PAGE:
|Born||Arnold Abner Newman
March 3, 1918
New York, New York, USA
|Died||June 6, 2006
New York, New York, USA
|Known for||Portrait Photography
|Movement||Environmental Portraiture (founder/coined phrase)|
|Awards||Infinity Award (1999)
Lucie Award (2004)
Arnold Abner Newman (born 3 March 1918 - June 6, 2006) was an American photographer, noted for his "environmental portraits" of artists and politicians. He was also known for his carefully composed abstract still life images.
Early life and career
Born in Manhattan, Newman grew up in Atlantic City, New Jersey and later moved to Miami Beach, Florida. In 1936, he studied painting and drawing at the University of Miami. Unable to afford continuing after two years, he moved to Philadelphia to work for a studio making 49-cent portraits in 1938.
Newman returned to Florida in 1942 to manage a portrait studio in West Palm Beach. Three years later he opened his own business in Miami Beach.
In 1946, Newman relocated to New York, opened Arnold Newman Studios and worked as a freelance photographer for Fortune, Life, and Newsweek. Though never a member, Newman frequented the Photo League during the 1940s.
Success as a photographer
Newman found his vision in the empathy he felt for artists and their work. Although he photographed many personalities—Marlene Dietrich, John F. Kennedy, Harry S. Truman, Piet Mondrian, Pablo Picasso, Arthur Miller, Marilyn Monroe, Ronald Reagan, Mickey Mantle, and Audrey Hepburn—he maintained that even if the subject is not known, or is already forgotten, the photograph itself must still excite and interest the viewer.
Newman is often credited with being the first photographer to use so-called environmental portraiture, in which the photographer places the subject in a carefully controlled setting to capture the essence of the individual's life and work. Newman normally captured his subjects in their most familiar surroundings with representative visual elements showing their professions and personalities. A musician for instance might be photographed in their recording studio or on stage, a Senator or other politician in their office or a representative building. Using a large-format camera and tripod, he worked to record every detail of a scene.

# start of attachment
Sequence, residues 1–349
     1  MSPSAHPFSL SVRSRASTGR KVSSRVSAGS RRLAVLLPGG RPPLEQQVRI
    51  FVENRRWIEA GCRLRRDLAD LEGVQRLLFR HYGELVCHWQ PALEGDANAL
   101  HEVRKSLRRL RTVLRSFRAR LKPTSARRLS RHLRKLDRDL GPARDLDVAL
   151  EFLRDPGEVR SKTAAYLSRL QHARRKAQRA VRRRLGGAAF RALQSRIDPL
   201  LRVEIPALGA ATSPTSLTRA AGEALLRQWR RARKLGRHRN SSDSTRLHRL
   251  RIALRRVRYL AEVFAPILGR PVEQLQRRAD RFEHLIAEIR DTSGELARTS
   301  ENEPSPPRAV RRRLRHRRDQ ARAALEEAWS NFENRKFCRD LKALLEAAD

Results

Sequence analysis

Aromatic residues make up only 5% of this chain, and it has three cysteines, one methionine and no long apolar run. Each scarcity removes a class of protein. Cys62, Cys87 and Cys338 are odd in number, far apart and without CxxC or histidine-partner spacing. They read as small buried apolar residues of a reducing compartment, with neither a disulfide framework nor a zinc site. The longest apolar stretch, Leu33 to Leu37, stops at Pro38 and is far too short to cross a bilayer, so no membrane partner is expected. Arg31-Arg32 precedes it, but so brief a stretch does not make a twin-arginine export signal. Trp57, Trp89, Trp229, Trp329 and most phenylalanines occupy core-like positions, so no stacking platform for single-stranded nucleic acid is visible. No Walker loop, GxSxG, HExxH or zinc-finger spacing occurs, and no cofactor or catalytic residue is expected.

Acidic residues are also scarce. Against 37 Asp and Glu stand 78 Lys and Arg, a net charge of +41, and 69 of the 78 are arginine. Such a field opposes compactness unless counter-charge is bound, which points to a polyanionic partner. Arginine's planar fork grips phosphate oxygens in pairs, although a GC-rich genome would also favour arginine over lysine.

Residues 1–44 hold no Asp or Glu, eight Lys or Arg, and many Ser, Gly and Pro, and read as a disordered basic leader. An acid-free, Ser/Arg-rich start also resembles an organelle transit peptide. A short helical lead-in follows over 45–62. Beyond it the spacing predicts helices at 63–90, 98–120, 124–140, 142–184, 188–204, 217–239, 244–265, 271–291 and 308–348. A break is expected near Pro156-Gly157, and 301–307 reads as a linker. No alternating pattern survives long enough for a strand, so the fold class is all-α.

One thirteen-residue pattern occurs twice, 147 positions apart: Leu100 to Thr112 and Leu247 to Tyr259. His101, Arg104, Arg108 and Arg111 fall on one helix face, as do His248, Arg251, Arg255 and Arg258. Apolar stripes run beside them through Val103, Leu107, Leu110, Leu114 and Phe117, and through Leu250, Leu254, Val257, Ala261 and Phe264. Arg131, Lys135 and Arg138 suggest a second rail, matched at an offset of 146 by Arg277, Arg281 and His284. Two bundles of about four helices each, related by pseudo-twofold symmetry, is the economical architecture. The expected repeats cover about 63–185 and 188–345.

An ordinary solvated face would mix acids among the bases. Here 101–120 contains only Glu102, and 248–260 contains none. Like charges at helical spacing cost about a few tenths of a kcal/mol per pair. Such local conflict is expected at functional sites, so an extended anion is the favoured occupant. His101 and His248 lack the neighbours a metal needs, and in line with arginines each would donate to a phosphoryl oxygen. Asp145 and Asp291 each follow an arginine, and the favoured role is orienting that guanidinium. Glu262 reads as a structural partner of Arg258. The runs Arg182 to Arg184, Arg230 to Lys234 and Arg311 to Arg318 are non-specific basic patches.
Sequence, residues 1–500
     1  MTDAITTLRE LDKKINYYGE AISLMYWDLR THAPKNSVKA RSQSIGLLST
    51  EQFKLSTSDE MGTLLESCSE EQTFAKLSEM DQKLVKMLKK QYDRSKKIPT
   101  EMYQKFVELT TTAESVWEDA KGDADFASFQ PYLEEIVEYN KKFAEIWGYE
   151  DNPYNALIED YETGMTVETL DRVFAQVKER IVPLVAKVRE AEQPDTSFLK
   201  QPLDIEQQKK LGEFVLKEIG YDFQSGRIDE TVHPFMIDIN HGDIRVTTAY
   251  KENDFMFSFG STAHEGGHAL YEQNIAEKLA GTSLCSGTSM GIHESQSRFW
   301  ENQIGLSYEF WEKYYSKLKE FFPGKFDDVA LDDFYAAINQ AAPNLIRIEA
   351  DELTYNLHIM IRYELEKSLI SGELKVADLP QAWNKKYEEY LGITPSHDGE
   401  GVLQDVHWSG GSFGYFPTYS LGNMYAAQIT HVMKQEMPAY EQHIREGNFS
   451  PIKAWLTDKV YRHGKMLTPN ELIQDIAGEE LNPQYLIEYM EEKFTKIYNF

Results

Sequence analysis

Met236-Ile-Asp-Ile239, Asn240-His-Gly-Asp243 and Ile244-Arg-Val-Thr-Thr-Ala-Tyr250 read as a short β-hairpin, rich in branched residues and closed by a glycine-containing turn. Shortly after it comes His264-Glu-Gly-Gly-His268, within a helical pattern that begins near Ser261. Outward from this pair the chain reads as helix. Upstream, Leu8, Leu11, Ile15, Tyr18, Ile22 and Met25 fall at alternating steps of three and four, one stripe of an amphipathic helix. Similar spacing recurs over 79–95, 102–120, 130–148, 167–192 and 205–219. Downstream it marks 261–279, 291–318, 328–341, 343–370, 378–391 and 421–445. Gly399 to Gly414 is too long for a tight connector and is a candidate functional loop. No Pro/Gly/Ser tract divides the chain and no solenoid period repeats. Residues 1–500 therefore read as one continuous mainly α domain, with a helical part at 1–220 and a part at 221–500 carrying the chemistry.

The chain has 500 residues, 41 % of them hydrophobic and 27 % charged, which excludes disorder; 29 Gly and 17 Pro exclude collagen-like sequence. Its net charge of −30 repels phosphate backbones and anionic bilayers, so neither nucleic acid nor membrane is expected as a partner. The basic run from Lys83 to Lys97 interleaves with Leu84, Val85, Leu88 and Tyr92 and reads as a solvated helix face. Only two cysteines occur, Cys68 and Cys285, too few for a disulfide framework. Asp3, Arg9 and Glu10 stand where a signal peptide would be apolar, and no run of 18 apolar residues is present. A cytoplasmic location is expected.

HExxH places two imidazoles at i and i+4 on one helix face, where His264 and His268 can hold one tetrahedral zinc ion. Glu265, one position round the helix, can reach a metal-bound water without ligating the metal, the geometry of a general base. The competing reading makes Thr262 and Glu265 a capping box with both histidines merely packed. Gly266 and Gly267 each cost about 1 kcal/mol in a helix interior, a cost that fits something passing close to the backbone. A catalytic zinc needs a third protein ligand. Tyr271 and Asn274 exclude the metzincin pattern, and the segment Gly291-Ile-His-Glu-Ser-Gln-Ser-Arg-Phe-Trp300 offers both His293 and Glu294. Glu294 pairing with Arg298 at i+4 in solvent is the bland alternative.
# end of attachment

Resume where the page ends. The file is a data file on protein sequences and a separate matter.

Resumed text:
"I didn't just want to make a photograph with some things in the background," Newman told American Photo magazine in an interview. "The surroundings had to add to the composition and the understanding of the person. No matter who the subject was, it had to be an interesting photograph. Just to simply do a portrait of a famous person doesn't mean a thing."
Newman's best-known images were in black and white, although he often photographed in color. His black and white portrait of Igor Stravinsky seated at a grand piano became his signature image, even though it was rejected by the magazine that gave the assignment to Newman. He was one of the few photographers allowed to make a portrait of the famously camera-shy Henri Cartier-Bresson.
Among Newman's best-known color images is an eerie portrait that shows convicted former Nazi slave labor boss Alfried Krupp in one of Krupp's factories.
"One Mind's Eye, The Portraits and Other Photographs of Arnold Newman", by Arnold Newman, Introduction by Robert A. Sobieszek, David R. Godine, Publisher, 1974.
"Arnold Newman", Essay by Phillip Brookman, Taschen, 2006.
- 1999 Infinity Award for Master of Photography, International Center of Photography, Manhattan
- 2004 Lucie Award for Outstanding Achievement in Portrait Photography, International Photography Awards program, Los Angeles, California
- 2004 He was awarded The Royal Photographic Society's Centenary Medal and Honorary Fellowship (HonFRPS) in recognition of a sustained, significant contribution to the art of photography.